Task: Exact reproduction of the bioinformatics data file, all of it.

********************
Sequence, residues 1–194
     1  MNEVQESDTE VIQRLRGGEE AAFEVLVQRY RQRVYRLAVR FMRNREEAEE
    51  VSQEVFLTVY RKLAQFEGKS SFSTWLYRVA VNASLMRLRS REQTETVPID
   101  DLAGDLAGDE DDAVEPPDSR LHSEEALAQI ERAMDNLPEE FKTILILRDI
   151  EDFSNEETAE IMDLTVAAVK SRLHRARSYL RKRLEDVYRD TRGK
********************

Sequence, residues 1–194
     1  MNEVQESDTE VIQRLRGGEE AAFEVLVQRY RQRVYRLAVR FMRNREEAEE
    51  VSQEVFLTVY RKLAQFEGKS SFSTWLYRVA VNASLMRLRS REQTETVPID
   101  DLAGDLAGDE DDAVEPPDSR LHSEEALAQI ERAMDNLPEE FKTILILRDI
   151  EDFSNEETAE IMDLTVAAVK SRLHRARSYL RKRLEDVYRD TRGK